Cover image for Talking about bullying
Title:
Talking about bullying
Author:
Powell, Jillian.
Personal Author:
Publication Information:
Austin : Raintree Steck-Vaughn Publishers, [1999]

©1999
Physical Description:
32 pages : color illustrations ; 28 cm
Summary:
Explains how, why, when, and where people get bullied as well as who does the bullying and what can be done about it.
Language:
English
ISBN:
9780817255350
Format :
Book

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LB3013.3 .P68 1999 Juvenile Non-Fiction Open Shelf
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LB3013.3 .P68 1999 Juvenile Non-Fiction Open Shelf
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LB3013.3 .P68 1999 Juvenile Non-Fiction Open Shelf
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LB3013.3 .P68 1999 Juvenile Non-Fiction Open Shelf
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LB3013.3 .P68 1999 Juvenile Non-Fiction Oversize
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Summary

Summary

Sensitively written and honestly presented, this series is a reader's guide to surviving tough times. Difficult topics are handled candidly, but always with a child's best interest at heart. Each title introduces a pressing social issue, addresses a child's concerns, and offers possible steps for resolution. Notes for parents and teachers suggest ways to approach the topic and exercises to elicit further discussion.


Reviews 2

Booklist Review

Gr. 2^-3, younger for reading aloud. Clear explanations of troublesome topics are always welcome in the library, and books in the Talking about series offer just that. With large pages, large typeface, big color photographs, and short, simple sentences, the books are targeted to the primary grades. Teachers wanting to approach a subject can also use them with groups. The writing is kindly and full of common sense and offers a moral point of view: "It is wrong to ignore people who are disabled or to call them names." The book on bullying acknowledges the difficulties and offers sound advice, such as sticking with other people. Each title in the series has a double-page spread at the back of "Notes for Parents and Teachers," giving concrete tips for starting discussions and helping children in these difficult situations. The books also include a brief glossary and a reading list. --Susan Dove Lempke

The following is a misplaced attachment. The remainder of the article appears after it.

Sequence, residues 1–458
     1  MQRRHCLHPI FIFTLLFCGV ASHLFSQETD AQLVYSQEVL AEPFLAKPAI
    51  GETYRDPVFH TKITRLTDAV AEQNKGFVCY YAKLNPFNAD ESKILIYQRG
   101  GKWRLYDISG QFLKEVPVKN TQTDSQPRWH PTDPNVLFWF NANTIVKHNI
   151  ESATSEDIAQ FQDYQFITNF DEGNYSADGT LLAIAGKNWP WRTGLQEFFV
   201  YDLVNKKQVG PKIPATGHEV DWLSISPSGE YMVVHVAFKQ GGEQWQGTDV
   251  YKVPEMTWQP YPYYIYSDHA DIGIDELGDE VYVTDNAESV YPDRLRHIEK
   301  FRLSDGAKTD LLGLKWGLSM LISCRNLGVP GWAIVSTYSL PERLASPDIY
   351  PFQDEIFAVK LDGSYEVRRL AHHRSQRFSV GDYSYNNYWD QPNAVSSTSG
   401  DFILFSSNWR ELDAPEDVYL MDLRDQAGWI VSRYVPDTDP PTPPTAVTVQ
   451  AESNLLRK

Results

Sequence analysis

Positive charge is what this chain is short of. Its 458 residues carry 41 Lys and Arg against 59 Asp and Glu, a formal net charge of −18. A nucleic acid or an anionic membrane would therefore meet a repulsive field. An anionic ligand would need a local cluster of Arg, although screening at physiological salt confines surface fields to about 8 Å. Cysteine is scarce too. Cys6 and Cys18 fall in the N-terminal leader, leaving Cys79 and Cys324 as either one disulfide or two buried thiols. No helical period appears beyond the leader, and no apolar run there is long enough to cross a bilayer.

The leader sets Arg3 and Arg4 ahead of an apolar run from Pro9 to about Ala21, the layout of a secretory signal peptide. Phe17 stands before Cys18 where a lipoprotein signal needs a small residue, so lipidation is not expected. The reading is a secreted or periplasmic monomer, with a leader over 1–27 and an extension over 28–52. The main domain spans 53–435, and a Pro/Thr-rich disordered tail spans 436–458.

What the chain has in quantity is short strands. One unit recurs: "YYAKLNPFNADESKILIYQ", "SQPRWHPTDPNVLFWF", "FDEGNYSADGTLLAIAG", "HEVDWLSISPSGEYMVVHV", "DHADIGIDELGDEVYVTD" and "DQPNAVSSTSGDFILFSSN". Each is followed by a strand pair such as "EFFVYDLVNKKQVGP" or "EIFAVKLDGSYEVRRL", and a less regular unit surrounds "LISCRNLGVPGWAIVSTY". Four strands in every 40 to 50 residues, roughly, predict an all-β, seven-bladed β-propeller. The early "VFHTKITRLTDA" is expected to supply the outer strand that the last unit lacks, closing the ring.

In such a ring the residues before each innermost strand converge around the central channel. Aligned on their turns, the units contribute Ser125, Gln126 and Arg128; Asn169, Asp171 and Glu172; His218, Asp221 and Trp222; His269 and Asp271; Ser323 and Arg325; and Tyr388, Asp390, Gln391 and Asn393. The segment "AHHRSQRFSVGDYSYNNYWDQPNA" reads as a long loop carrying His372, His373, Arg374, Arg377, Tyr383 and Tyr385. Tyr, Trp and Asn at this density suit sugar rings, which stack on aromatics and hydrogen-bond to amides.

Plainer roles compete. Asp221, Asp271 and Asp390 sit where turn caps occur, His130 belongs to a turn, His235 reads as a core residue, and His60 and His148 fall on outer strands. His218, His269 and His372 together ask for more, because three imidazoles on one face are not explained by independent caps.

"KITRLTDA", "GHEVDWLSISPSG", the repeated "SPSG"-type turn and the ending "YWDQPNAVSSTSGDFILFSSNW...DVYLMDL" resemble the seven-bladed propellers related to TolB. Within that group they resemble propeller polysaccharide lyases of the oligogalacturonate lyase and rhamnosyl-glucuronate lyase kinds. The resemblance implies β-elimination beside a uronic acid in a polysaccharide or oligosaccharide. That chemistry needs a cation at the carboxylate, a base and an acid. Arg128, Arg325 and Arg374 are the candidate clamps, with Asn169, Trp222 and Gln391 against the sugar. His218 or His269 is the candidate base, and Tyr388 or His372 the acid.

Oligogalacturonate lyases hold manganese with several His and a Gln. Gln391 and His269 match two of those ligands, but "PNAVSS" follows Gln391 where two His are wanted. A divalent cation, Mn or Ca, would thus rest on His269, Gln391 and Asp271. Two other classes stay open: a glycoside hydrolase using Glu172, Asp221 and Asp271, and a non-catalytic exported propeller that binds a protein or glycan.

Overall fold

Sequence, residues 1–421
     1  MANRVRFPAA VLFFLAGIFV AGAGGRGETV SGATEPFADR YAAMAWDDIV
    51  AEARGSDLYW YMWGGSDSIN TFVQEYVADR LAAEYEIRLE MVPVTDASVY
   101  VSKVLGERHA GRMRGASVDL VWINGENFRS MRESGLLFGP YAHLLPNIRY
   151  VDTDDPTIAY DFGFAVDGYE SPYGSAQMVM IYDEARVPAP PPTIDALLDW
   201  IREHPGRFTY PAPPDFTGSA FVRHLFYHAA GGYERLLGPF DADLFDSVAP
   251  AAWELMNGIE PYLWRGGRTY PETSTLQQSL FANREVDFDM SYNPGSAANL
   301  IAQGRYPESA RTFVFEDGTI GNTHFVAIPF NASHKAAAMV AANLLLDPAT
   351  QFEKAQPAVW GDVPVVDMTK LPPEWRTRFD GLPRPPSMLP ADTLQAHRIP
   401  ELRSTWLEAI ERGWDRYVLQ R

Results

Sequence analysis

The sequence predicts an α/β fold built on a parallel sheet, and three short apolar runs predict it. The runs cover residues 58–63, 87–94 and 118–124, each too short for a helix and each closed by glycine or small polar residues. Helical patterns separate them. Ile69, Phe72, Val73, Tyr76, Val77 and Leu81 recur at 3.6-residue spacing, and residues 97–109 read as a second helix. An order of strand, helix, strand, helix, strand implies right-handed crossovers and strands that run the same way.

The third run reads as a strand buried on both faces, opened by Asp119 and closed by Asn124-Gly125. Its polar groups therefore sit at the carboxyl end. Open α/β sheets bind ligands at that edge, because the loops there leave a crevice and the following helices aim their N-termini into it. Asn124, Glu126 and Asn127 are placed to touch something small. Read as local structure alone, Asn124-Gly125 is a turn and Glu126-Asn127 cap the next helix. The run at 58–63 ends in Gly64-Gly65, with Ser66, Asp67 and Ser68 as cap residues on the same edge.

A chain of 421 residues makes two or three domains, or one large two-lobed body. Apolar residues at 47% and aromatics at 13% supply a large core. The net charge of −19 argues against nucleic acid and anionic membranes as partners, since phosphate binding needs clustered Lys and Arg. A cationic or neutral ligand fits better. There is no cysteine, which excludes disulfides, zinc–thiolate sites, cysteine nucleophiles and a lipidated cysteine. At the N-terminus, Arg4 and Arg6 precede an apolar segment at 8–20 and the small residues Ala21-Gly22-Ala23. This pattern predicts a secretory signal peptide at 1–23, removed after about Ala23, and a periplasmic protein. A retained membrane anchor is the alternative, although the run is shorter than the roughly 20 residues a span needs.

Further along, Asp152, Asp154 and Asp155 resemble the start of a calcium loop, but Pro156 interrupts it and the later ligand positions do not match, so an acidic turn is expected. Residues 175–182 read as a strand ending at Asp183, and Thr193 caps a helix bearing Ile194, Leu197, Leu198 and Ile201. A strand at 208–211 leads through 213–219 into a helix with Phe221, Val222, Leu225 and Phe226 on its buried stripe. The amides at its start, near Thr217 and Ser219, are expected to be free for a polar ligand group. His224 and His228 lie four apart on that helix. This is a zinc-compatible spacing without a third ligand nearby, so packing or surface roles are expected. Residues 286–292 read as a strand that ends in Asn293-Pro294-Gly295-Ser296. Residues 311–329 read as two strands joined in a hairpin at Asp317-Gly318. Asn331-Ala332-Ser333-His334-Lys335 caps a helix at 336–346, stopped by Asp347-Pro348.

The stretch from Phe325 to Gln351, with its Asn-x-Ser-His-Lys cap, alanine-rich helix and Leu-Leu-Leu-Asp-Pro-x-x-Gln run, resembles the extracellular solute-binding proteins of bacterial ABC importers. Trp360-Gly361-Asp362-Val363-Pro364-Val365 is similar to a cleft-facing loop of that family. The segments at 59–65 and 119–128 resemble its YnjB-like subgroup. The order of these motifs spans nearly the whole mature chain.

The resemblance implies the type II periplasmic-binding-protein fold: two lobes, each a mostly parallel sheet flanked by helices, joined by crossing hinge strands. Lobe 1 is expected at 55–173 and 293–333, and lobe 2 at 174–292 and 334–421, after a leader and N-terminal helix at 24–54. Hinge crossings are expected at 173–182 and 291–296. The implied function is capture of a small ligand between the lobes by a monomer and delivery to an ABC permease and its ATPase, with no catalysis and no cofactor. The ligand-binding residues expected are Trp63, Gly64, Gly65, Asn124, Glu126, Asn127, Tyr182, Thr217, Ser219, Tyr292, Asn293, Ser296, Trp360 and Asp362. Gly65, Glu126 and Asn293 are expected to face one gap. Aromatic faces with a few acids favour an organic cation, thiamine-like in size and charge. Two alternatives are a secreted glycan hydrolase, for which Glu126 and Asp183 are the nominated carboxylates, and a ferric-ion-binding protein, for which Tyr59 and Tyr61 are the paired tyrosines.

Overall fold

School Library Journal Review

Gr 1-3-Powell defines bullying and discusses why children become bullies, how it feels both to victim and victimizer, and why children often don't seek help. "It is never your fault if you get bullied," she informs children, thus offering positive reassurances and good advice. While there are numerous fiction offerings on this subject, little nonfiction is available at this reading level and this one would make an effective extension of picture books such as Phyllis Reynolds Naylor's King of the Playground (Atheneum, 1991). Equally reassuring and helpful information is provided in Family Breakup, which defines a family as "...people loving and caring for each other." Responding to such stress-producing questions as why families break up, who you can talk to, where will you live, and what a stepfamily is, Powell deals with most of the initial concerns of children whose families are breaking up. While her answers occasionally seem a bit simplistic, she is right on target in what young readers in this situation would be asking, and she provides a broad stroke of answers, suggestions, and positive direction. With their picture-book size, glossy paper, large print, and crisp color photographs of racially diverse young people and adults, these attractive packages give good information on tough topics.-Rosie Peasley, Empire Union School District, Modesto, CA (c) Copyright 2010. Library Journals LLC, a wholly owned subsidiary of Media Source, Inc. No redistribution permitted.